Penn's Center for Community Standards and Accountability — formerly known as the Office of Student Conduct — released its annual disciplinary report, which indicates that academic integrity and student conduct violation cases have gotten closer to pre-pandemic levels.
The annual disciplinary report shows a sharp decline in Code of Academic Integrity and Code of Student Conduct violations from the 2020-2021 academic year. During that year, while almost all classes were being taught virtually due to the COVID-19 pandemic, there was an influx of cheating and academic integrity violations.
Data for the 2021-2022 academic year shows a 43% decrease in academic integrity violations and a 45% decrease in student conduct violations when compared to the 2020-2021 academic year.
The academic integrity violations included in the disciplinary report highlighted cheating and plagiarism. While there was a 35% increase in plagiarism cases in the 2021-2022 academic year, the office investigated 121 cases of cheating — a 45% decline — after returning to in-person instruction.
While there was a decrease in total conduct and academic violations from the 2020-2021 academic year, the data remained relatively consistent with years prior to the COVID-19 pandemic.
"There was a very high spike in conduct violations specifically because of [COVID-19],” Center for Community Standards and Accountability Executive Director Julie Nettleton said about the report.
Student conduct violations primarily consisted of COVID-19-related violations, leading to an unusually high number of offenses in the 2020-2021 academic year. However, the 2021-2022 academic year saw an increase in disorderly conduct, rising from six to 103 cases.
The Center for Community Standards and Accountability's rebranding was approved on Aug. 1, and came as a result of a change to the center’s methods of dealing with Code of Academic Integrity and Code of Student Conduct violations.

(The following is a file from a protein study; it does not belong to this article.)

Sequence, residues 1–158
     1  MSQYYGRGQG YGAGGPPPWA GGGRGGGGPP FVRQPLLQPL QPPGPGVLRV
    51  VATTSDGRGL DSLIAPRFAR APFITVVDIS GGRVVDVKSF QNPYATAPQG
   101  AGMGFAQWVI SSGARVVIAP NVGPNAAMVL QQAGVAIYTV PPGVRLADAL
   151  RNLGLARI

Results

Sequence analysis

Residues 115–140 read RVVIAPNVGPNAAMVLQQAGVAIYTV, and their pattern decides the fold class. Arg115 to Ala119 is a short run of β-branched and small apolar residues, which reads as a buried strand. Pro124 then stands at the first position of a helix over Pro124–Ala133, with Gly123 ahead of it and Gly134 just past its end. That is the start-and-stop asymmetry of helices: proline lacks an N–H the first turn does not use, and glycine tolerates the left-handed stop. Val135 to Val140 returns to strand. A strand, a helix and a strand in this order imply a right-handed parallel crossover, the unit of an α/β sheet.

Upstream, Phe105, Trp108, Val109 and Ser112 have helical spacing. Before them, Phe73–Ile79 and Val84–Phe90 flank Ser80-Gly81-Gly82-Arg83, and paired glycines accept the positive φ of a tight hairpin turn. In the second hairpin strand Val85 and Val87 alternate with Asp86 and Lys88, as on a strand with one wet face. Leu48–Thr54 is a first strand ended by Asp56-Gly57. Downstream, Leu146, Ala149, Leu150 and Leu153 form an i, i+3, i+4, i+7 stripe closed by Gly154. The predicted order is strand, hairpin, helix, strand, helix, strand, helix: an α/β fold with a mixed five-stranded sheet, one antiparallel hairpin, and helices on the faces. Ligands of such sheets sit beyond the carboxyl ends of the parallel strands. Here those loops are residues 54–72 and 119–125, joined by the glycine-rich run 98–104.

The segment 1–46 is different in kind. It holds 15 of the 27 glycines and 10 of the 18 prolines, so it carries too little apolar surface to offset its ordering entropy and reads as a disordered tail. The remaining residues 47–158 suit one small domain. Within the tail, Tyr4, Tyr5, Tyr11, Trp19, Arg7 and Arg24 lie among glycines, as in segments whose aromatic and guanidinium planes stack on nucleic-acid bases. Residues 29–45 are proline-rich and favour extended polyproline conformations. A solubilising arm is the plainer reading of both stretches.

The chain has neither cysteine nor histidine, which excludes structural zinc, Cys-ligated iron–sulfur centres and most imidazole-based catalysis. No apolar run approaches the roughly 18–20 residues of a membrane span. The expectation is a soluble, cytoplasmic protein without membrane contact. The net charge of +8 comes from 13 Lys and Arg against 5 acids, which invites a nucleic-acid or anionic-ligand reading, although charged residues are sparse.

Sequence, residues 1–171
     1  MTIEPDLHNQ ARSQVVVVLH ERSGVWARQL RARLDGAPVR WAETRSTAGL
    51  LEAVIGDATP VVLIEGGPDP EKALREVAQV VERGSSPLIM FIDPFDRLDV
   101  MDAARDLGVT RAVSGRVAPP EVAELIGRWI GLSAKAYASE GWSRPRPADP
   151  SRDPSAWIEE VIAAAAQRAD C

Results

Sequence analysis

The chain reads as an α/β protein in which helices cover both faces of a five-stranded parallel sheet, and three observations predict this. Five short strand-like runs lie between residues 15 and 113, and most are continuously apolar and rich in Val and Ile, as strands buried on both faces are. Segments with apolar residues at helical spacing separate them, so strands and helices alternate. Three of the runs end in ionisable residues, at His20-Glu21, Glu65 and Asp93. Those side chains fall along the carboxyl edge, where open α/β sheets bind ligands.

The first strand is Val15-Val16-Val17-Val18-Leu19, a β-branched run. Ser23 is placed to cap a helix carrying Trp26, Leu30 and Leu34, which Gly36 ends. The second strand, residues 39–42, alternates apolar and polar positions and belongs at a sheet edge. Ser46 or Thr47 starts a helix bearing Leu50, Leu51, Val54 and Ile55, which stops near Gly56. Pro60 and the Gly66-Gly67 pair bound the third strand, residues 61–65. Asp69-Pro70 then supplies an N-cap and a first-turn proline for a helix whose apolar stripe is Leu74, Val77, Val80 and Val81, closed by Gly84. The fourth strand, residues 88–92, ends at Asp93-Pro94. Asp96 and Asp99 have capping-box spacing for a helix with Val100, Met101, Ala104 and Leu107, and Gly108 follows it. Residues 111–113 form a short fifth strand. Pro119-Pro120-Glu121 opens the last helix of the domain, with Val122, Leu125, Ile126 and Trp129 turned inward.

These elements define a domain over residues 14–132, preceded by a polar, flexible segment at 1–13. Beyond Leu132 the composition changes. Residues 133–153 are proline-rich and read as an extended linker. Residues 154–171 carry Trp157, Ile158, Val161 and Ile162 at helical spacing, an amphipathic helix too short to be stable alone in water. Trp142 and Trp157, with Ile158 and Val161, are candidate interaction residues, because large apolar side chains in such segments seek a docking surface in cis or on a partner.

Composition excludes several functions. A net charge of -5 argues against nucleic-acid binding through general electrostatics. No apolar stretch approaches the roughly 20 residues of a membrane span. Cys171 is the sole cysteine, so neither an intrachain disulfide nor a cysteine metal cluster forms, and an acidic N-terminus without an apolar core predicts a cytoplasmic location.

Nettleton described the rebranding as necessary to fit the many changes the office has undergone in recent years, transitioning from a retributive disciplinary system — a response to misconduct using punishment — to a more restorative disciplinary system. The new method is intended “to promote healing, accountability, and community building,” according to the Restorative Practices @ Penn website.
Pablo Miguel Cerdera, the associate director of Restorative Practices @ Penn — a branch of the Center for Community Standards and Accountability that deals with student violations using restorative practices — expressed hope to resolve as many disciplinary issues as possible and prevent harm in the community through a restorative philosophy.
“The restorative philosophy, which emphasizes self-determination, community accountability, and a focus on healing is a core part of the overall philosophy of CSA,” Cerdera wrote to The Daily Pennsylvanian.
While Nettleton said student violations were resolved primarily through restorative practices, academic integrity and student conduct violations were also resolved using sanctions, including signed agreements and warnings. Nettleton added that the center's team is hopeful about the rebranding changes.
“I think our team feels good about these changes in terms of how they are engaging students differently and impacting students differently and we feel part of a solution and not just a reaction to a problem and that's an exciting place to be,” Nettleton said.